Stac, Replica and ReachOut are trademarks or registered trademarks of Stac, Inc. All other trademarks are property of their respective owners.

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Soweit der offizielle Teil der Story.

Dez. 1998 - Zuerst wurde die Halbleiter Abteilung verselbständigt, dann wurde die Firma umbenannt in Stac Software, Inc.

 

April 2000 - Stac Software, Inc. announced the Company is changing its corporate name to Previo, Inc..

 

July 2002 - Previo, Inc. announced a series of actions related to the previously announced divesture of its product lines and other assets. Previo has entered into a definitive agreement with Altiris, Inc. whereby the Company will sell its core technology and related non-cash assets to Altiris. Previo's Board of Directors also approved the dissolution and liquidation of the Company and have directed the Company to prepare a proxy for stockholder approval of these actions. In addition, Previo has terminated all of its U.S. employees except for a minimal staff that will handle matters related to the expected dissolution.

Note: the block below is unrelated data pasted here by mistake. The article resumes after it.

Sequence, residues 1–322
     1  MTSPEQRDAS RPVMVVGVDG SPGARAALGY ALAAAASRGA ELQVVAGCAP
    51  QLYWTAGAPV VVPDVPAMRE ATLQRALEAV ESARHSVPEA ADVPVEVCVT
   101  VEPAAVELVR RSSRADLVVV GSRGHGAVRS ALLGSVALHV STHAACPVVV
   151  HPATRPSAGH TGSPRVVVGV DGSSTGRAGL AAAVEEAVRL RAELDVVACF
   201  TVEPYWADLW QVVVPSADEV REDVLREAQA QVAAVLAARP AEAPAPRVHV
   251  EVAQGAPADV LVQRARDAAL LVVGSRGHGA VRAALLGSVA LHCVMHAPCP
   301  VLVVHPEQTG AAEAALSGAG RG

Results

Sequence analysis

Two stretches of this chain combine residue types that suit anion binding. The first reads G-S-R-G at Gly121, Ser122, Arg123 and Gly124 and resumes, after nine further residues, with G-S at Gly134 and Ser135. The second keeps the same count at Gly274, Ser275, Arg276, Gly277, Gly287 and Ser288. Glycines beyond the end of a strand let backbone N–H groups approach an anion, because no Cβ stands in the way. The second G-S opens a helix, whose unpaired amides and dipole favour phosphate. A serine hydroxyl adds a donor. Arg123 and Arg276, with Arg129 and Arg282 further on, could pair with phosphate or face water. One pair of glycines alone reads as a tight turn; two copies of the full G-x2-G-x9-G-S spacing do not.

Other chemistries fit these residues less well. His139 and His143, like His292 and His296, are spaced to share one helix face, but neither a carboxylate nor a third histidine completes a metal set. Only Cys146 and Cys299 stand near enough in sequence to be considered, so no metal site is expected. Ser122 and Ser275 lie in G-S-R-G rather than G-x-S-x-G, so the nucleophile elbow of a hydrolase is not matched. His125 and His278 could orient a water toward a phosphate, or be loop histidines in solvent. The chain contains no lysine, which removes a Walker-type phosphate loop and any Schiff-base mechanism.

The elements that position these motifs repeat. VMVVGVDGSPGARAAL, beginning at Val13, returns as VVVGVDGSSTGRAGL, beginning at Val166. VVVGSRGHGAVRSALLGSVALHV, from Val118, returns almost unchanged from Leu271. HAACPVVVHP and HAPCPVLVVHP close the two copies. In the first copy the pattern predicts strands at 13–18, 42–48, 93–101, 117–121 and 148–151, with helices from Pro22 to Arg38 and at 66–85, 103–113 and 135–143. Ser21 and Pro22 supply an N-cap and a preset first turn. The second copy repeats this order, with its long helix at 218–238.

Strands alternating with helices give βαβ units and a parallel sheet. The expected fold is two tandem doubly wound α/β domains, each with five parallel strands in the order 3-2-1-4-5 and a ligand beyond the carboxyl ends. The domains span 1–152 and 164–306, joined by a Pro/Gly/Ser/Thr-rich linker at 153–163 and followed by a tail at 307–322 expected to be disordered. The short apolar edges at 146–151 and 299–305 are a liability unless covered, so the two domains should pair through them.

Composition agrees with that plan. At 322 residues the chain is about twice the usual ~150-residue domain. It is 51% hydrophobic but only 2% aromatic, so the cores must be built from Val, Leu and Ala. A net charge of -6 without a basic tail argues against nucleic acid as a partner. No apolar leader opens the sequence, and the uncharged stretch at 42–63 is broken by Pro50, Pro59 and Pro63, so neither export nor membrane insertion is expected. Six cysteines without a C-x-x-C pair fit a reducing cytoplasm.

Damit ist STAC nur noch Geschichte

Die Buschtrommel sagt, eigentlich wurden sie von Microsoft bewußt geplättet, genauso wie Netscape und Novell und viele andere.

 

Denn: Microsoft hat den Stac Code geklaut und in DOS 6 bewußt illegal als sein "Double Space" eingebaut.

 

Microsoft was found guilty (schuldig) in 1994 of violating STAC's patent on data compression. The cost $120 millions (andere sprechen von nur $73 millions) in compensatory damages.

 

Und die Moral von der Geschicht, "man" ärgre nun mal Microsoft nicht.

 

Wer mal Microsoft geärgert (besser: "verprügelt") hatte, bekommt es knüppeldicke zurück. Ein Richter verdonnerte dann beide, sich zwangsweise zu einem Überkreuz Lizensierungsabkommen zu einigen und Microsoft hatte dann doch den Stacker bzw. den Algorithmus. STAC war eine "one product company" und konnte mit dem Microsoft "Patentkram" nichts anfangen, aber das eigene Brot und Butter Geschäft war ein für alle Mal dahin.

Und dann kam das Ende für Stac.